In the meantime, I’m checking my calendar to see when I can make it over there again.

Tuesday, August 23, 2011

De-bugging the garden

As an organic gardener, my eyes and hands are two of my most important tools.

When I began gardening, I would go into my rows of green plants inspecting for bugs. When I saw something I had identified as a pest, not a beneficial visitor, I would pull a tissue out of my pocket and squeeze it. Sometimes the invader would squirm out before I had fully executed my maneuver.

Next I tried wearing gardening gloves. Again, without the keen feeling in my fingertips, the bug had a tendency to escape.

Now, I just squish them between forefinger and thumb and let them stink and ooze right onto my skin. Yes, it’s a little gross. But, it’s quick effective and soap really does clean up the mess.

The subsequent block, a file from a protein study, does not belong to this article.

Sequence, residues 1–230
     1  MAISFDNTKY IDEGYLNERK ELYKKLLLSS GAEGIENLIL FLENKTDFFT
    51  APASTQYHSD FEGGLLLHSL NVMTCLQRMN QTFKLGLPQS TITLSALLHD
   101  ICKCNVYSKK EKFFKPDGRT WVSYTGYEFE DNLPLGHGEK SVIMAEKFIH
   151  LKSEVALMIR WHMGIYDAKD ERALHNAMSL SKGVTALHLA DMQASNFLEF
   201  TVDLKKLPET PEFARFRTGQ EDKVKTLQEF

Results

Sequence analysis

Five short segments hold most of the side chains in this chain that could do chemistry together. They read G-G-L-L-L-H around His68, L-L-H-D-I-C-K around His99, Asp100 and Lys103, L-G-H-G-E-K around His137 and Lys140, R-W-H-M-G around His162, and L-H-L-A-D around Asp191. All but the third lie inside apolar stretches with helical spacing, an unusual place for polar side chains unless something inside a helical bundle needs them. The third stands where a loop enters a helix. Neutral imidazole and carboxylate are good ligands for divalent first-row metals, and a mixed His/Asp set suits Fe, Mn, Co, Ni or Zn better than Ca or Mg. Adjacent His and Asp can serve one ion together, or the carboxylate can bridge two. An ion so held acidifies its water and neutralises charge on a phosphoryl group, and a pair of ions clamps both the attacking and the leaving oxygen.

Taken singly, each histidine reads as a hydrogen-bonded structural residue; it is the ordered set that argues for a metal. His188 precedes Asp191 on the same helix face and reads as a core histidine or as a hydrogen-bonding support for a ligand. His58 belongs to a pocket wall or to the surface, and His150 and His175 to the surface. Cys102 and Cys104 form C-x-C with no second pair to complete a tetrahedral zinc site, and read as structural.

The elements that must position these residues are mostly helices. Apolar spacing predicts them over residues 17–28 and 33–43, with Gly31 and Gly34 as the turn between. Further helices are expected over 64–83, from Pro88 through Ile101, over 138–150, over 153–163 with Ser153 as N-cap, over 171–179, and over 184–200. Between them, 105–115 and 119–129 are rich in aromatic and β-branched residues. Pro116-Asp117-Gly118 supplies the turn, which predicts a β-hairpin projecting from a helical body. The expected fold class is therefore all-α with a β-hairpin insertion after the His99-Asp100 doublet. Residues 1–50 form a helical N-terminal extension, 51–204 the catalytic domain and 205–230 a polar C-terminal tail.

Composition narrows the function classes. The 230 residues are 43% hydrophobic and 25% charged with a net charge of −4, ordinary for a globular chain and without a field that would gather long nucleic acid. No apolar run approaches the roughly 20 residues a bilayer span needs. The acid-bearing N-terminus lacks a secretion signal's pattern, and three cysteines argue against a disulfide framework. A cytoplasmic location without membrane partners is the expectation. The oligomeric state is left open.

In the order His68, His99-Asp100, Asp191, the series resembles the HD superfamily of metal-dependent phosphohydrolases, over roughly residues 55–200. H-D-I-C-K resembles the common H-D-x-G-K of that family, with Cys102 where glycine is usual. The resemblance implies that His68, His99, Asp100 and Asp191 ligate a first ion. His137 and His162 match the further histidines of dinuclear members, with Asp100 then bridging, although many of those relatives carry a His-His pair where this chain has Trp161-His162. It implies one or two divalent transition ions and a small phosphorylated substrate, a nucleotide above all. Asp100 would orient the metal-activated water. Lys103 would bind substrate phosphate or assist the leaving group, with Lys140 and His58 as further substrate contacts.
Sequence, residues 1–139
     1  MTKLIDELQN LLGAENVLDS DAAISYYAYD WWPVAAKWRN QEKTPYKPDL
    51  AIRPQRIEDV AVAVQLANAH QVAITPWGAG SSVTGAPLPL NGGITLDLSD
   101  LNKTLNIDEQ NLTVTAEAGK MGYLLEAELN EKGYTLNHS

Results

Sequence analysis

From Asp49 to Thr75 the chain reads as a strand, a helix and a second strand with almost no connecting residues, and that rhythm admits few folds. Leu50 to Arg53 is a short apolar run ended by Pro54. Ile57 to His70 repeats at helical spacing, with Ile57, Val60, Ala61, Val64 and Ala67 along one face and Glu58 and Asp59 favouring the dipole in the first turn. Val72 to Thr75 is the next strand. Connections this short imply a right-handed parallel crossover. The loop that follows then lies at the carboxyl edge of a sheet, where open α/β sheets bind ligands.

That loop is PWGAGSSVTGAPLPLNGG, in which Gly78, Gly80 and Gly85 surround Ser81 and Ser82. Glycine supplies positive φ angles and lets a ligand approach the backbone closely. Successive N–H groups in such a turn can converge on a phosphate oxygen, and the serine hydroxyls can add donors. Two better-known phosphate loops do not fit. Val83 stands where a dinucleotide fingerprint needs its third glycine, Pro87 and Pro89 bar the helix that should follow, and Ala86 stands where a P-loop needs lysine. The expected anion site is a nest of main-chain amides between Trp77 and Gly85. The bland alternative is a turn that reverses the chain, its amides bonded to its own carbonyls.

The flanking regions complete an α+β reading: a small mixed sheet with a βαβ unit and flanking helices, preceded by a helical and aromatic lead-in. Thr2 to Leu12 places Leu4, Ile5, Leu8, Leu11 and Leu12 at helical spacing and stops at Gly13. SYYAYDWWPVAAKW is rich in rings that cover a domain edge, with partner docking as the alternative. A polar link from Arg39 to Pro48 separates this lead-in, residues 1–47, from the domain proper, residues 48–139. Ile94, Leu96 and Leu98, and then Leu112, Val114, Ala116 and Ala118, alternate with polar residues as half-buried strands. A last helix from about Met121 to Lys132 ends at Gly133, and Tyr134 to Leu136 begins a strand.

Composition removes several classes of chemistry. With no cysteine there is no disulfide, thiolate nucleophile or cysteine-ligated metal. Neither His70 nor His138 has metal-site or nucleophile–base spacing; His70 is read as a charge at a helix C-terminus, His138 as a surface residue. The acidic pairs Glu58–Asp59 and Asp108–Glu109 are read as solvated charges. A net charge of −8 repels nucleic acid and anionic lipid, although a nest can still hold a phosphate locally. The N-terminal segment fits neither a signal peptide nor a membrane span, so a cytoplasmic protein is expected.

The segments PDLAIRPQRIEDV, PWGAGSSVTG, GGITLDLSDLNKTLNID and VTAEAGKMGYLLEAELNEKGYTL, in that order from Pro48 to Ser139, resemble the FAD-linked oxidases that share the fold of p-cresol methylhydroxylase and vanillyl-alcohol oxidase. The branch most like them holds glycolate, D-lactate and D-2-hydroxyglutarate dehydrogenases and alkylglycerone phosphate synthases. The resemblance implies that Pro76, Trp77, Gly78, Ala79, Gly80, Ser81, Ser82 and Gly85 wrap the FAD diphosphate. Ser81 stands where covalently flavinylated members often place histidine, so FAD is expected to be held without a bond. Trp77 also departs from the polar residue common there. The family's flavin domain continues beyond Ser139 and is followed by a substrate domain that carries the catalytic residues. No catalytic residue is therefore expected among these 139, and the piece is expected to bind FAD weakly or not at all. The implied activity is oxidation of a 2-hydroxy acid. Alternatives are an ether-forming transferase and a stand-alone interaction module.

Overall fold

I’ve been doing lots of de-bugging in recent days as I’ve been paying special attention to bugs that like squash plants. After one friend warned her winter squash has been ruined, I noticed that while one my pumpkins looked great on its top side, the bottom side was rotted with a bug infestation. So my own sharp eyes and pinchers went to work. Some of my peppers and tomatoes have suffered because of the shade of climbing winter squash vines. I didn’t want that to be for naught.

When I searched online for pictures of squash bugs to learn more about what I was finding, I discovered there is a different between squash bugs and stink bugs, although they both are gray and smell when smashed. All summer I've been trying to check the undersides of the leaves for the eggs they lay to head off the problem before it fully developed. I also discovered that late in the season they aren’t supposed to be harmful, but I’m not taking a chance. When I see them, I exterminate.